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Nicole Hill

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Hello my name is Nicole and I'm a self published author with a small publishing company. I'm looking forward to connecting with you guys!
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Steve Turnbull's profile photo
3 comments
 
Ah, gotcha :-)
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This is quite a good video on how to create good video. Might be able to apply it to writing
https://www.youtube.com/watch?v=A-YLGUn4Hzs
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It goes without saying that a book in which all scenes are interesting is generally going to be better than a book where some scenes are boring due laziness.
Therefore, I must pose a question, as I am struggling with a scene.
There is an interview of sorts. An admissions interview that my main character must do well in in order to be admitted into a school of his choice.
I've described in detail the process that led up to the interview, and I've been told that it was entertaining and talented writing, but...
I can't think of any way to make an interview scene interesting. It would be possible to infuse it with the tension that comes with the uncertainty of whether my character is doing well, but then the questions asked must be difficult for him to answer without being unfair.
I could describe the interview process without delving into the scene itself, but that would contradict the effort of describing the process up to that point.
So tell me, if you were writing an interview scene, how would you make it interesting? I would appreciate anything from a comprehensive analysis of an interesting interview scene to a self-written example. Anything that helps.
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Mark David's profile photoLingering Meme (Jio)'s profile photo
14 comments
 
+Salome Jones
I think the University interviews are so good because the Masters only have a few minutes to spend on each student, so the questions are just quickfire. It's somehow interesting to hear all these questions about things that don't exist in our world and how Patrick writes out Kvothes thought process to solve them.
Also, we have the tension of Kvothes general state of poverty and the fact that most people, if not all of them, have tuition set at twenty or so talents, more than Kvothe could dream of getting in time.
On top of this is the part at the end where Kvothe convinces them to give him two talents as tuition. His impressive feats stretch far, but this is one of the most impressive things he does in the first book.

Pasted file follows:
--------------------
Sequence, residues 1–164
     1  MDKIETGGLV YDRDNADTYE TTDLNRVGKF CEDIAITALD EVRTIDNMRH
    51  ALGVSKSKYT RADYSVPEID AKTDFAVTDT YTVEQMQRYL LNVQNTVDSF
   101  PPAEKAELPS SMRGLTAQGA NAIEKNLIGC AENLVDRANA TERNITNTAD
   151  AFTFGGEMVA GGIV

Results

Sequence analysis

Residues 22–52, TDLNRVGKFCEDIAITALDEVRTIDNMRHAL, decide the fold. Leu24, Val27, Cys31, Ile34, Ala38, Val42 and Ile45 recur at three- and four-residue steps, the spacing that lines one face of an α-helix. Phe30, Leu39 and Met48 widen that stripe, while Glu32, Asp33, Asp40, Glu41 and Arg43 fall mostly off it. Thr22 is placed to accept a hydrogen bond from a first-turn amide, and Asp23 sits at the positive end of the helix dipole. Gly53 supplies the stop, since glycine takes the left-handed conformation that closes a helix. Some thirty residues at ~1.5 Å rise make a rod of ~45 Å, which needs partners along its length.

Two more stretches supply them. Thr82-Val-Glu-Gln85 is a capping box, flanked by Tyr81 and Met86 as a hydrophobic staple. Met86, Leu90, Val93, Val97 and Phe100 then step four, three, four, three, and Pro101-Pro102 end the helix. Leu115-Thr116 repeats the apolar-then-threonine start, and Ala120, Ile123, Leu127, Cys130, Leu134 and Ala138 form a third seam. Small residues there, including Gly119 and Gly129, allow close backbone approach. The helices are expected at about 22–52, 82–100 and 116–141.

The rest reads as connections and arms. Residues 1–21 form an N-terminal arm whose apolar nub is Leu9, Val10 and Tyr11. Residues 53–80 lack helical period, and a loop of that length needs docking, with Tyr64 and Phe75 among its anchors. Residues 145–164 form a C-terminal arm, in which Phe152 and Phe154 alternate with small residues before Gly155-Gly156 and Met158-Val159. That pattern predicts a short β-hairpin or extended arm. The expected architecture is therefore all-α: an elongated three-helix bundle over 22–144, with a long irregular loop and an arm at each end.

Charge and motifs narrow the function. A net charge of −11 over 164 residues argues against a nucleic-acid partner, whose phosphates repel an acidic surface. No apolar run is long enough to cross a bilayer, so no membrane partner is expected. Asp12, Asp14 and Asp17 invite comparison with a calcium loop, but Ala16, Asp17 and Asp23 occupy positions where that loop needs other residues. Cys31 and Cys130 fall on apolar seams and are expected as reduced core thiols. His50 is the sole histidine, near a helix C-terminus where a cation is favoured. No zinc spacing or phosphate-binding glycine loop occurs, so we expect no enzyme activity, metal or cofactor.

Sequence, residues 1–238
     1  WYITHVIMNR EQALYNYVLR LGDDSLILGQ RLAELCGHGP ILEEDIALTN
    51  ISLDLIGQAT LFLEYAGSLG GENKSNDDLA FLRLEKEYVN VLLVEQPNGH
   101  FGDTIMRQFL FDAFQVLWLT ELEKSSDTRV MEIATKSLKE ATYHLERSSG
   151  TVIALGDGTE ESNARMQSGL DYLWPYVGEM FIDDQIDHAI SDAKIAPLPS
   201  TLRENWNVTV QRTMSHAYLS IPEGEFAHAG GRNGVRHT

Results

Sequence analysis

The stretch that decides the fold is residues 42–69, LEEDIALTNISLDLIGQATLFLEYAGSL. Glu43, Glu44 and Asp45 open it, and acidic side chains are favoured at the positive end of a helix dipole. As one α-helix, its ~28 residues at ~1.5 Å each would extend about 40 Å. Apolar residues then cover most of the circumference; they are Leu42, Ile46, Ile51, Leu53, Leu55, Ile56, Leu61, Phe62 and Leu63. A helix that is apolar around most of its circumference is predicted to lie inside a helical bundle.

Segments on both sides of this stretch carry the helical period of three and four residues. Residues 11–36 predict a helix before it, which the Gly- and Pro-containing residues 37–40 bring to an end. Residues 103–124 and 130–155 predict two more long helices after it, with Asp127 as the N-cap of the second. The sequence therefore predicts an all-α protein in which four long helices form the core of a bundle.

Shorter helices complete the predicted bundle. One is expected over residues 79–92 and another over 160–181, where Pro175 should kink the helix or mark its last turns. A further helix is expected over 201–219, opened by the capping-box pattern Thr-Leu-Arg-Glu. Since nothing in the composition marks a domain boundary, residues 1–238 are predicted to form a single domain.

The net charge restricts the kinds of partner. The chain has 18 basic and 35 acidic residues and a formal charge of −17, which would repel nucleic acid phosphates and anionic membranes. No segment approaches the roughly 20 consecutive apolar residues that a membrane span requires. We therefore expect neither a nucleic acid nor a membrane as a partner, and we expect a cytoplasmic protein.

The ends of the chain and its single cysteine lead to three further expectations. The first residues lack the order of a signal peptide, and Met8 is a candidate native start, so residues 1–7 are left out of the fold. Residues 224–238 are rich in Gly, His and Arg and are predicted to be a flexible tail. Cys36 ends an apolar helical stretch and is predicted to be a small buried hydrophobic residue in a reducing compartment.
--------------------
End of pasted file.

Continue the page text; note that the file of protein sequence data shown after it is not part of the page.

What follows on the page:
While I can say that with certainty, comparing myself to Patrick Rothfuss only leads to telling myself that whatever I've written isn't good enough until I'm burned out.
But yes, maybe I can learn from a few of the things he did with Kvothe. If ever there was an entertaining interview scene, that was it.
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Kevin Reed

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Was wondering how many here still use the Writers Market book for finding markets, or do you use other sources?
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Samantha Dunaway Bryant's profile photo
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I have a few questions:
Is there a wrong way to start writing a book? If so, what is it? What are some right ways to start writing a book?
What's the best method for world-building?
What should I do if I'm not sure what to use for a book's plot?
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Arielle Mabitazan's profile photo
13 comments
 
1) there is no right way/ wrong way to start a book as long as, and I repeat, as long as the start of your book is somehow connected to the plot to your middle. For example, if you start of by just a few lines of describing a scenery then cut it of there. I have no qualms with that. But I would expect that by the next few chapters the main characters would somehow relate to that scenery. Another example is getting a phrase from another source like the bible or any philosophy book, but the thing about that is you have to stick with that phrase the whole series which in some cases is a bit annoying unless you really believe in it.

2) if you're writing a book about world building then start off from what you see from the news then compare it from what you see from outside your house.

3)hmm, take a break? Walk. Or read some other resources. Find your inspiration again. 
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Ok, I have a question. So in the middle of a sencteve if you say I have the contraction is I've. Why is the I capitalized?
And the conrtraction for it is is it's. Do you capitalize the I in It's or leave it lower case?
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Can I vent a little bit about CreateSpace?

Backstory: I moved my paperbacks to KDP a few weeks ago, after tossing the idea back and forth for a while to begin with. A little over a week ago, I tried to lower the price of one of my paperbacks to coincide with a Kindle Countdown Deal, only the price on the Amazon page never changed, even though the lower price was showing live on my KDP dashboard. I submitted the price change about 3 times within a week, and nothing, including again today.

So now, that and the fact that KDP still has no projected date (that I can tell) for expanded distribution, led me to decide to move my paperbacks, or at least a couple of them, back to CreateSpace until KDP works out its kinks and/or forces us to move all books. Then I ran into an error, stating that the ISBN was already in use, and therefore would not let me save it back onto CS.

Granted, after some thought, I'm not sure if this is because I'm still waiting for the option for the paperback "edit details/content/pricing" to become available again so that I can Unpublish the paperback from KDP, at which time perhaps the ISBN would no longer be "in use"?? Meanwhile, my countdown deal is now, of course, ended, so the price change is pointless now anyway.

It's been frustrating, to say the least, but to make matters even worse, I made the mistake of posting a question in the CS "Community" asking how to move paperbacks back to CS without having to generate a new ISBN, and nearly every response I've gotten there has been exceptionally rude. Comments like "Hey, Michelle (lipmag) -- in another thread you stated what you were tired of. Know what I'm tired of? Newbies with an attitude, such as Nicolette here."